Bird Box by Josh Malerman
Bird Box by Josh Malerman is a post-apocalyptic tale.
Something happens in Russia, but we are never quite sure what, and it spreads throughout the world. It involves some type of creature. Unfortunately, anyone who sees the creature goes mad, and commits suicide, often becoming homicidal first, so no information is forthcoming as to the identity of this creature. Everyone lives in fear. No one trusts anyone else. People start living behind closed doors, boardiing up windows, only venturing out with blindfolds. The world as we know it is gone.
The story centers around Malorie, and alternates time frames to tell her story. Things start going crazy around the same time that she finds out she is pregnant. By the time she is ready to give birth, she is living with 4 or 5 other people in a house with boarded up windows, and fear. She and another woman give birth at the same time, but as that is happening, one of the other residents goes crazy and opens all the windows and doors. Malorie manages to cover the newborns eyes as well as her own. The telephone is ringing. She somehow finds it in the chaos. Someone named Rick is telling her that she and the kids can come live with them in a new community that is safe. However, the only way to get there is to come down the river, and at one point she will have to remove her blindfold or they will not make the turn.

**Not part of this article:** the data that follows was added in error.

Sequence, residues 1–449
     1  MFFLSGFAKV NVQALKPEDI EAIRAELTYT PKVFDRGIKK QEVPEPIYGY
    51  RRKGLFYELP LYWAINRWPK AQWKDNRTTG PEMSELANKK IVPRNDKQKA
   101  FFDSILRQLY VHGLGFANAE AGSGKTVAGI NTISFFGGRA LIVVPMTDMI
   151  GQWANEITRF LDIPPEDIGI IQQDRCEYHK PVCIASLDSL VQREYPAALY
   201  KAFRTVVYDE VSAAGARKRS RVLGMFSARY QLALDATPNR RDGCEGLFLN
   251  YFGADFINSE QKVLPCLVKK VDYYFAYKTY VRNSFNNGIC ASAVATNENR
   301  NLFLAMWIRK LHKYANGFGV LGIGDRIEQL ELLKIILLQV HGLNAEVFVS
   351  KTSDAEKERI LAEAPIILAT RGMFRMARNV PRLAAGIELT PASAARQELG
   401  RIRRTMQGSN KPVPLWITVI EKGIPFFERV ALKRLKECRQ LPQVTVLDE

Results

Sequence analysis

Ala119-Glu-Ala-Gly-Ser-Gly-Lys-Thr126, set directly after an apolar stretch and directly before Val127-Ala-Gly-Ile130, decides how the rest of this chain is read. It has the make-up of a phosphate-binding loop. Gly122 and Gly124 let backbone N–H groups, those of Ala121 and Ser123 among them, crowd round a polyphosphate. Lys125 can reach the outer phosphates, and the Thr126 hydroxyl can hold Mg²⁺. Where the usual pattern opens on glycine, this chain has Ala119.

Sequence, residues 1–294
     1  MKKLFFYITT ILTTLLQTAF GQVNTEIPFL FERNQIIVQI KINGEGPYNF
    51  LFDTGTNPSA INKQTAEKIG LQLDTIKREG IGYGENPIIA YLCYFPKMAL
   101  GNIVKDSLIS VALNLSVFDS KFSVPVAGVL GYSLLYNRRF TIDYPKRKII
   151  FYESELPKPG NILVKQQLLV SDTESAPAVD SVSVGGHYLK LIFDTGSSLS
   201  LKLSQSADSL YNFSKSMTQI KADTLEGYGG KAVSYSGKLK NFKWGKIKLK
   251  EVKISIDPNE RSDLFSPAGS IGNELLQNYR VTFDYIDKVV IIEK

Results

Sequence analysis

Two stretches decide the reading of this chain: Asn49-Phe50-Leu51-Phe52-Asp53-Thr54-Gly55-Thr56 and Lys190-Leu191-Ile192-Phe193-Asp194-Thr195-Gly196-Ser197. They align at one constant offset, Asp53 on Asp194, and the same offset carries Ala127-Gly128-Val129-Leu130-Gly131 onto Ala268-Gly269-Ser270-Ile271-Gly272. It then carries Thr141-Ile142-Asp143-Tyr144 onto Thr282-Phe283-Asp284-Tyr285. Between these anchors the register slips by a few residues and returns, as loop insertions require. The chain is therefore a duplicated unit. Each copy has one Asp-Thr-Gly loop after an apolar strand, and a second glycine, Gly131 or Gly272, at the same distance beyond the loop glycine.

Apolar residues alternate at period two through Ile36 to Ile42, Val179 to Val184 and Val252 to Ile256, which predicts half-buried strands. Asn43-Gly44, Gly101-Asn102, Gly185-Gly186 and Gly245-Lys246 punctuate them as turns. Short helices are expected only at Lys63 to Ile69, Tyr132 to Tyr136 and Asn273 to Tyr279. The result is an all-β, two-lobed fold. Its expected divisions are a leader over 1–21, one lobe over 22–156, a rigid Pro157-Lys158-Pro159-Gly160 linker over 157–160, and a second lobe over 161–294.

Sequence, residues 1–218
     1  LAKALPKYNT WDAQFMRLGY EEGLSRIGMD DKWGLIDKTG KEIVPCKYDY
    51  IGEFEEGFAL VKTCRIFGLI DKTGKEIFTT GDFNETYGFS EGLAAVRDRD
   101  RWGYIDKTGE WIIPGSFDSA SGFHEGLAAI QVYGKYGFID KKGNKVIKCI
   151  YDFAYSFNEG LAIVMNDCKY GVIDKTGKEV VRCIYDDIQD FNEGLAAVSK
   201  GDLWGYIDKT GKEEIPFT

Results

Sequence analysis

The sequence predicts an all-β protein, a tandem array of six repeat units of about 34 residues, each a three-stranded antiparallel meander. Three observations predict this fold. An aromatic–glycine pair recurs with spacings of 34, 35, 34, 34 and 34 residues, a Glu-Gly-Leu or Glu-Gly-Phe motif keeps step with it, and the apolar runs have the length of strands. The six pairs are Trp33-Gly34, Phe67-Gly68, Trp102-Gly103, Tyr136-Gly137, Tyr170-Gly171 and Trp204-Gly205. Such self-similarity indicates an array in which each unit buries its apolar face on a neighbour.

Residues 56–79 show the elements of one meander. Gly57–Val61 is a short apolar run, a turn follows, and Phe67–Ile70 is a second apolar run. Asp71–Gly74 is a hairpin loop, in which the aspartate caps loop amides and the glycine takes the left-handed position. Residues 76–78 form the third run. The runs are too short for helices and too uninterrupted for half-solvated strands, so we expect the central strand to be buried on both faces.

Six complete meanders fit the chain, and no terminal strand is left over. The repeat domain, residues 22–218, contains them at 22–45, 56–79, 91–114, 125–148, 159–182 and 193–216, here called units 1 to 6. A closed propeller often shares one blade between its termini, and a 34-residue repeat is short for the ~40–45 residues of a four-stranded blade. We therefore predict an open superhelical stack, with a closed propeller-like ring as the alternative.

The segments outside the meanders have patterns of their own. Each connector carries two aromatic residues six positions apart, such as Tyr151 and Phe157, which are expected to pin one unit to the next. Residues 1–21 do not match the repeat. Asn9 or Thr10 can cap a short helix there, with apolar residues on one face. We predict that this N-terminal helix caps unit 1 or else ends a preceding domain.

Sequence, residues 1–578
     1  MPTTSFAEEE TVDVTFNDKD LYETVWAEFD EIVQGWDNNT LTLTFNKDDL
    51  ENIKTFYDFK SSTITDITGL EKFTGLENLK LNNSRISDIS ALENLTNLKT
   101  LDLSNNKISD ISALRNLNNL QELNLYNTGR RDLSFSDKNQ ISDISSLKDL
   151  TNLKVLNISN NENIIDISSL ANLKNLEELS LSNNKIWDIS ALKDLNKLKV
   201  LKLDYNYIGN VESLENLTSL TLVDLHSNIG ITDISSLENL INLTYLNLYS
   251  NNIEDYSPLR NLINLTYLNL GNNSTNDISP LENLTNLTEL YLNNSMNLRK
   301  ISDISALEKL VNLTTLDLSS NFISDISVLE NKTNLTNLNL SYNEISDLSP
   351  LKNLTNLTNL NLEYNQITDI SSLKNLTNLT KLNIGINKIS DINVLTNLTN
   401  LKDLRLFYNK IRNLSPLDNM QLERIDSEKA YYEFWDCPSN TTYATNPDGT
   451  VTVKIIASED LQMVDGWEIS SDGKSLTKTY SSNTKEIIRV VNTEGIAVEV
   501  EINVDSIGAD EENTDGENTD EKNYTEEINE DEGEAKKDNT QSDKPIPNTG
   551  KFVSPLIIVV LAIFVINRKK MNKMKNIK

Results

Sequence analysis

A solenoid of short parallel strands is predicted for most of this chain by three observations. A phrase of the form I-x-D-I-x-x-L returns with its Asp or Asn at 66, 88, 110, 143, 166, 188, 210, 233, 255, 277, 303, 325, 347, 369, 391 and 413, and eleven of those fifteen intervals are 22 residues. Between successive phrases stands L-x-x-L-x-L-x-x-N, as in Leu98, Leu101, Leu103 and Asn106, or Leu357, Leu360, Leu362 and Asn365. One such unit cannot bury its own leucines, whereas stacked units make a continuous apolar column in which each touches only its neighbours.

The suspense in this book is amazing. Malerman has created a masterful horror story. Part of the reason is because we don’t really know what the danger is. We hear the sounds of people going crazy, we hear strange sounds of the unknown, but we don’t know what that unknown is. We can feel Malorie’s angst as she tries to teach the children how to do everyday things, blindfolded. The children have never seen the outside world. Imagine leaving your doorway, knowing there is something out there somewhere, but you have to go out anyway, and you can’t open your eyes. Truly a chilling tale.
Absolutely loved this book.
Favorite Quotes From Bird Box:
“It’s better to face madness with a plan than to sit still and let it take you in pieces.”
“How can she expect her children to dream as big as the stars if they can’t lift their heads to gaze upon them?”
“Like she’s trapped in an aviary with a thousand madcap birds. It feels like a cage was lowered over them all. A cardboard box. A bird box. Blocking out the sun forever.”